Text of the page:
- Recently, India’s Home Ministry cancelled Greenpeace India’s FCRA registration that allowed the organization to receive foreign funding.
- Greenpeace India filed a plea in Madras High Court, and the court has now ordered a temporary eight-week stay on the government order.
- Greenpeace India is continuing with its environmental campaigns despite legal and financial hurdles.
On September 2, 2015, the Indian government ordered yet another clampdown on Greenpeace India.
India’s Ministry of Home Affairs (MHA) issued an order cancelling the organization’s FCRA (Foreign Contribution Regulation Act) registration, which allows the NGO to receive foreign donations. The order alleged that Greenpeace India accounts showed numerous financial irregularities. It also listed nine instances in which the organization had violated several provisions of the FCRA.
For example, the MHA order notes that “Greenpeace India Society has under-reported and repeatedly mentioned incorrect amount of foreign contribution received in violation of Section 33 of FCRA, 2010.”
Greenpeace India, however, has maintained that the allegations are untrue. The Madras High Court heard the NGOs petition on September 15, and has now granted a temporary stay on the order for eight weeks. The court has also directed Greenpeace India’s advocate to serve a notice to the Indian Home Ministry, asking them to respond to the NGO’s petition within the eight-week period.
“We are confident that we have a strong legal case to demonstrate that the MHA is acting without any justification,” Vinuta Gopal, co-Executive Director of Greenpeace India, said in a statement. “This is the fourth time we have had to seek legal recourse and the fourth time that we’ve had to legally challenge decisions of MHA.”
Greenpeace India’s troubles with the Indian government began in June 2014, when the then newly appointed government led by Prime Minister Narendra Modi deemed the NGO’s activities anti-national and undemocratic.
A leaked report by India’s Intelligence Bureau claimed that several foreign-funded NGOs, including Greenpeace India, were “taking down Indian developmental projects” by indulging in persistent agitations against these projects. According to the report, the “negative impact on India’s GDP due to these protests was assessed to be two to three percent per year.”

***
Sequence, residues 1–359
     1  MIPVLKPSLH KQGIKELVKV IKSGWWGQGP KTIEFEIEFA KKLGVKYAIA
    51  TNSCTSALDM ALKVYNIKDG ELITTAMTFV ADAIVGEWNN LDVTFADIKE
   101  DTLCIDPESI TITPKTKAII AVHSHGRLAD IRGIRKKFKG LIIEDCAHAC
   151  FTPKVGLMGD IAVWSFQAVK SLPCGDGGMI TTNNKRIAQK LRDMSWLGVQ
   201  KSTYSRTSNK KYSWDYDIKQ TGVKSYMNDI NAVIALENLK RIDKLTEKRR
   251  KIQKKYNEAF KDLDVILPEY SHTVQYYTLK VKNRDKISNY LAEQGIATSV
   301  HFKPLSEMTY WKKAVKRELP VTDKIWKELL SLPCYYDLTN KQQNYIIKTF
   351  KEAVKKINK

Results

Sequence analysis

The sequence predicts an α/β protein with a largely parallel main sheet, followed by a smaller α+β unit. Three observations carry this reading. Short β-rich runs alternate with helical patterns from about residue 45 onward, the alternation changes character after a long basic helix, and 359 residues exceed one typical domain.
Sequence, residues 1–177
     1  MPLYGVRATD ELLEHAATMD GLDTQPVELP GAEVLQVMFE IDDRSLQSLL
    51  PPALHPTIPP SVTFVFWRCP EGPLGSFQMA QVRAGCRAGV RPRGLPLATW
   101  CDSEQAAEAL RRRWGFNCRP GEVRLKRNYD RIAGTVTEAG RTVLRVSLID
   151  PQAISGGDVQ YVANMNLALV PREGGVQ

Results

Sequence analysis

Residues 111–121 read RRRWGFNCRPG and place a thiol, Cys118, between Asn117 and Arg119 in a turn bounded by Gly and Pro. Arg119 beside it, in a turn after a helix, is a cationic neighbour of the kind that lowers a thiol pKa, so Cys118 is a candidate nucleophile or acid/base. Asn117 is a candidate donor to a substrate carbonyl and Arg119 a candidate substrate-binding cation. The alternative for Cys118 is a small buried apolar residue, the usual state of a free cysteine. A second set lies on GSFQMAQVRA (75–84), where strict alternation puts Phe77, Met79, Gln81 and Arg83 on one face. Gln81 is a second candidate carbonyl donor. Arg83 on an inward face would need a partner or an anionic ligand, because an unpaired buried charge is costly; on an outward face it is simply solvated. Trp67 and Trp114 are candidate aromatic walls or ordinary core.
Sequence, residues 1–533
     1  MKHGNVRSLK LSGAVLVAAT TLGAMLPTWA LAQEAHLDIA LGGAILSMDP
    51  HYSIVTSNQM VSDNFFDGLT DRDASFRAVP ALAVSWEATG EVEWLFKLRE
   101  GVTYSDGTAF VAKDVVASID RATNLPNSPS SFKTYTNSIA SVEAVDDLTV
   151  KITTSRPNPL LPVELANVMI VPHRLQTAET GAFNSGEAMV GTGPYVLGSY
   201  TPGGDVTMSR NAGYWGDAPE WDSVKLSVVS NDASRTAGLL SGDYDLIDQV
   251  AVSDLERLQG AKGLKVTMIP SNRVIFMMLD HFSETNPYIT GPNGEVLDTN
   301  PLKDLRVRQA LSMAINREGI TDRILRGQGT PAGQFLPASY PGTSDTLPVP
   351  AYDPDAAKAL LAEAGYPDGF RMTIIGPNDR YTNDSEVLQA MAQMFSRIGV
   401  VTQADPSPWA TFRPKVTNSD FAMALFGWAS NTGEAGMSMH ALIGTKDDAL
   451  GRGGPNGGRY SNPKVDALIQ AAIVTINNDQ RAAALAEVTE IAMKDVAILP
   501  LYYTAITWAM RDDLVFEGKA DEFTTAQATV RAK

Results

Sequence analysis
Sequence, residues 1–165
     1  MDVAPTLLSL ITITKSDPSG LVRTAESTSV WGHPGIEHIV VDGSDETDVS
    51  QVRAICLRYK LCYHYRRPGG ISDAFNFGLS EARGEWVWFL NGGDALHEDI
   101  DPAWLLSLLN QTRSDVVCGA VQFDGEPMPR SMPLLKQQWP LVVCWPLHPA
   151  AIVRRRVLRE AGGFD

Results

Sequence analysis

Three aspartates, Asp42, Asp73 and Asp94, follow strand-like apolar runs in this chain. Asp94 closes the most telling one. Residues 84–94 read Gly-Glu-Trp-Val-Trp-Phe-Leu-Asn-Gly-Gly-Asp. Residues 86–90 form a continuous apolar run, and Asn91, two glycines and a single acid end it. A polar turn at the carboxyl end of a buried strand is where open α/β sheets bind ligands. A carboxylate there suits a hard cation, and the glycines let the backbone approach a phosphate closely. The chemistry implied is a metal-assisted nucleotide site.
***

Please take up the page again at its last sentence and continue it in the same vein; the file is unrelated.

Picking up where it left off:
The report notes, for example, that “anti-coal activism is spearheaded by US-based ‘green’ organizations and Greenpeace, which have formed a ‘Coal Network’ to take-down India’s 455 proposed coal fired power plants.”
Since June 2014, Modi government has blocked several Greenpeace India bank accounts and frozen their funding. It also barred Priya Pillai, a Greenpeace India activist, from boarding a flight to the UK. Pillai was going to brief British Parliamentarians about issues regarding potential human rights violations that could result from coal mining within protected forests.
The Indian government has also targeted numerous other NGOs, like Sabarang Trust and Citizens for Justice, for allegedly violating FCRA. It also placed US-funded Ford Foundation on a security watch list earlier this year.
The Indian courts have, however, ruled in favor of Greenpeace India on several occasions. In January of this year, for example, the Delhi High Court directed the government to unblock Greenpeace India’s frozen funds. The court also declared that the Indian Home Ministry’s actions were ‘arbitrary, illegal and unconstitutional’.
Similarly in March 2015, the Delhi High Court ordered that Priya Pillai be allowed to travel abroad, and the judge presiding over the case said that while ‘criticism by an individual may not be palatable, it cannot be muzzled.’
Despite the repeated onslaught of legal and financial hurdles, Greenpeace India has continued with its campaigns to protect the environment. The organization has had to make some changes, though, such as having to cut its staff size and downsize some of its campaigns, according to the New York Times.
However, most of Greenpeace India’s funding — about 70 percent — comes from Indian citizens, Gopal said in a statement, and so most of their work can continue.
“Cutting access to our foreign funding may be a desperate attempt to get us to cease our work, but the MHA probably didn’t count on our having an amazing network of volunteers and supporters who have helped us continue our work despite the government crackdown,” Gopal said in another statement.